I’d like to say that I was an instant Beatles convert. I’d LIKE to say that, but it’d be a lie. They were all right, I guess, but being an almost 10-year-old boy, I was annoyed by Beatlemania, and therefore, somewhat, by the Beatles themselves. Indeed, it was Constitutionally mandated in those days that prepubescent boys hate anything that prepubescent girls liked, and vice versa.
But here’s the clever thing. From the Wikipedia: Sullivan “initially offered Beatles manager Brian Epstein top dollar for a single show but the Beatles manager had a better idea—he wanted exposure for his clients: the Beatles would instead appear three times on the show, at bottom dollar, but receive top billing and two spots (opening and closing) on each show… Their first appearance on February 9 is considered a milestone in American pop culture and the beginning of the British Invasion in music… The following week’s show was broadcast from Miami Beach… They were shown on tape February 23 (this appearance had been taped earlier in the day on February 9 before their first live appearance).”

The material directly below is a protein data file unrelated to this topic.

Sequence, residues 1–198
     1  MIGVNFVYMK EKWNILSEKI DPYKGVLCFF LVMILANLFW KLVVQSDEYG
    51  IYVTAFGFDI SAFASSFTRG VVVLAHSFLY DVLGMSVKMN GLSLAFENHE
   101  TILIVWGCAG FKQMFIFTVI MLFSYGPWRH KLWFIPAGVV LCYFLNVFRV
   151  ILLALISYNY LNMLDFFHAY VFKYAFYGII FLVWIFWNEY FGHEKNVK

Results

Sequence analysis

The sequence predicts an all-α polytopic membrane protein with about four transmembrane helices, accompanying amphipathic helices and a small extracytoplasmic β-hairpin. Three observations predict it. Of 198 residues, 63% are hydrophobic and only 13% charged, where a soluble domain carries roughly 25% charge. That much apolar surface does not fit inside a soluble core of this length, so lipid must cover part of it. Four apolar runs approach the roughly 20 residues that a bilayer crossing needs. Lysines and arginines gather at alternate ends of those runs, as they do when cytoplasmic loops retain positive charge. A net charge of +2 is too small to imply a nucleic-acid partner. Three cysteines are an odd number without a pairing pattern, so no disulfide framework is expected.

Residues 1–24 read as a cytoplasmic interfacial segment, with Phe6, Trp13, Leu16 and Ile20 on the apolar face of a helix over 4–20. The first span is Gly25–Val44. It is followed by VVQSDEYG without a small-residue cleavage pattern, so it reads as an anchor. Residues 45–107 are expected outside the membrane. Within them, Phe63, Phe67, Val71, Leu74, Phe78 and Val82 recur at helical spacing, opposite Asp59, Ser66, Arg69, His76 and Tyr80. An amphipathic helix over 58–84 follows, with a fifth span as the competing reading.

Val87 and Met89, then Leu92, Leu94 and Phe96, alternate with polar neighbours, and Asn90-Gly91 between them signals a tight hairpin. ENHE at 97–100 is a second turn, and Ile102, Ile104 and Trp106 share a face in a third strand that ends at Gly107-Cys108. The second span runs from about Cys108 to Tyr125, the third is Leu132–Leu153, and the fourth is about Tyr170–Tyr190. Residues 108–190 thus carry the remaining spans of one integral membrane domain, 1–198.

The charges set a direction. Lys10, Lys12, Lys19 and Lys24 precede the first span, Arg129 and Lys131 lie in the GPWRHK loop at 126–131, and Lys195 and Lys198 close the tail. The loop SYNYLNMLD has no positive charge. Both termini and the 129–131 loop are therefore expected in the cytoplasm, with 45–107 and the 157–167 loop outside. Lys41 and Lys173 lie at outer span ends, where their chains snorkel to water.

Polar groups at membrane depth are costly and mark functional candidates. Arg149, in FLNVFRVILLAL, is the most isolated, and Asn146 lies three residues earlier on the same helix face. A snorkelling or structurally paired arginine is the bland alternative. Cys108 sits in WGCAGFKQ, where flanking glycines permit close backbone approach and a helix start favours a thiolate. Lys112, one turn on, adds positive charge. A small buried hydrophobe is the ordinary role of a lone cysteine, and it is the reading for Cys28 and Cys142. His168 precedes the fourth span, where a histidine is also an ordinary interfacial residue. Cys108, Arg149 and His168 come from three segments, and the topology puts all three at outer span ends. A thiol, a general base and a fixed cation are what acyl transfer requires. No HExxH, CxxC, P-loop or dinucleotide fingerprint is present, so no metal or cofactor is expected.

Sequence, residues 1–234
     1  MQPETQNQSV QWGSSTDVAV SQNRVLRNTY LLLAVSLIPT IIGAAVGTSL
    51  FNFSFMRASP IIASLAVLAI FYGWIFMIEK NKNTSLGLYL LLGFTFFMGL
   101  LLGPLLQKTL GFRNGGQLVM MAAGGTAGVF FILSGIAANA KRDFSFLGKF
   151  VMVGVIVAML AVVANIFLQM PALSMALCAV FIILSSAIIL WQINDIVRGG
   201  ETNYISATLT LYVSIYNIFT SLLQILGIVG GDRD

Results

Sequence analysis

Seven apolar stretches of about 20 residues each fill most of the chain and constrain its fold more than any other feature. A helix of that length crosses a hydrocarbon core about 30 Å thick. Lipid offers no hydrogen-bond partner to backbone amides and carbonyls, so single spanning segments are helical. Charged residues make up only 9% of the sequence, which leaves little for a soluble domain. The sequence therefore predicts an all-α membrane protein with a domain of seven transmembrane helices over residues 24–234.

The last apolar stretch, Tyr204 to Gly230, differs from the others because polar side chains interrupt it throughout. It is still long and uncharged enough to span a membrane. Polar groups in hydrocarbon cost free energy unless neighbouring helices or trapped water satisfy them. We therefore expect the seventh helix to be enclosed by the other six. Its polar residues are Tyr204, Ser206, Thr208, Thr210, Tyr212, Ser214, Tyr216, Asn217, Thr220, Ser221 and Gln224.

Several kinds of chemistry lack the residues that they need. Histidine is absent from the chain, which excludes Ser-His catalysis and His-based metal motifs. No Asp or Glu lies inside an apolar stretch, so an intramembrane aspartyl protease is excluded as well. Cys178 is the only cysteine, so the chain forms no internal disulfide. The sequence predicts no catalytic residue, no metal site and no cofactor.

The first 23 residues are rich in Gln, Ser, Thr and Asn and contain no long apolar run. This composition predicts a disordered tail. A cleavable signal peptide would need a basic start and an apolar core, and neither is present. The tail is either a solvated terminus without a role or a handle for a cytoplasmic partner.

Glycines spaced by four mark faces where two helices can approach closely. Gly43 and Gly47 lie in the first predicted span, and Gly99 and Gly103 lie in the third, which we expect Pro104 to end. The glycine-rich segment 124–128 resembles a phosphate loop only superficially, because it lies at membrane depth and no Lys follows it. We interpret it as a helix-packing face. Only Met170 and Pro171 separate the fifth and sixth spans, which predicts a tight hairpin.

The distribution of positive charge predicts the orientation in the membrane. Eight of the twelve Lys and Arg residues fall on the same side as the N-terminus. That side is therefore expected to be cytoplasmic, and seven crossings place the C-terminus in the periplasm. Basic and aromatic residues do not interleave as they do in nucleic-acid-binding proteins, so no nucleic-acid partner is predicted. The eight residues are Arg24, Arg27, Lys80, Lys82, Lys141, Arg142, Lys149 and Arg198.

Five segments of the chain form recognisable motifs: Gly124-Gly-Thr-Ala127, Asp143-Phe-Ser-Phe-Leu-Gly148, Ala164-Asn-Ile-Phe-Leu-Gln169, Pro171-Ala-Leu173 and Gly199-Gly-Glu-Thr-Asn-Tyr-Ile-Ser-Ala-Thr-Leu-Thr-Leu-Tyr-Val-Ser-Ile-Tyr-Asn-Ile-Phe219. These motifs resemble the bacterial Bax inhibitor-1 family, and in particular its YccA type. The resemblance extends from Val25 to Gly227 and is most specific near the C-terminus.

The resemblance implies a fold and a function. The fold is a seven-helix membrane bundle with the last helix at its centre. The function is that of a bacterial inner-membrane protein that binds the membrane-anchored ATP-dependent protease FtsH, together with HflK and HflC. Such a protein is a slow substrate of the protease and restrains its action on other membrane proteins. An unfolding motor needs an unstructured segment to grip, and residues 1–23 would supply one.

By their third appearance in three weeks, I developed a grudging respect for them. I started differentiating them, with no small bit of Help! from my sister Leslie, who found Paul, a lefty like herself, particularly dreamy.
I never bought a Beatles album or single until the following year, when with the money from my paper route, I could join the Capitol Record Club, though I did make sure I watched their subsequent appearances on Sullivan and elsewhere, usually in video promo clips that predated MTV by a decade and a half.
Leslie was disappointed. I was more horrified that he had made what I thought was such an obvious error.
Now, of course, I have many iterations of Beatle albums, from both the UK and the US, and even one from Italy, plus singles from Japan.
Review of the Beatles at Carnegie Hall, February 1964.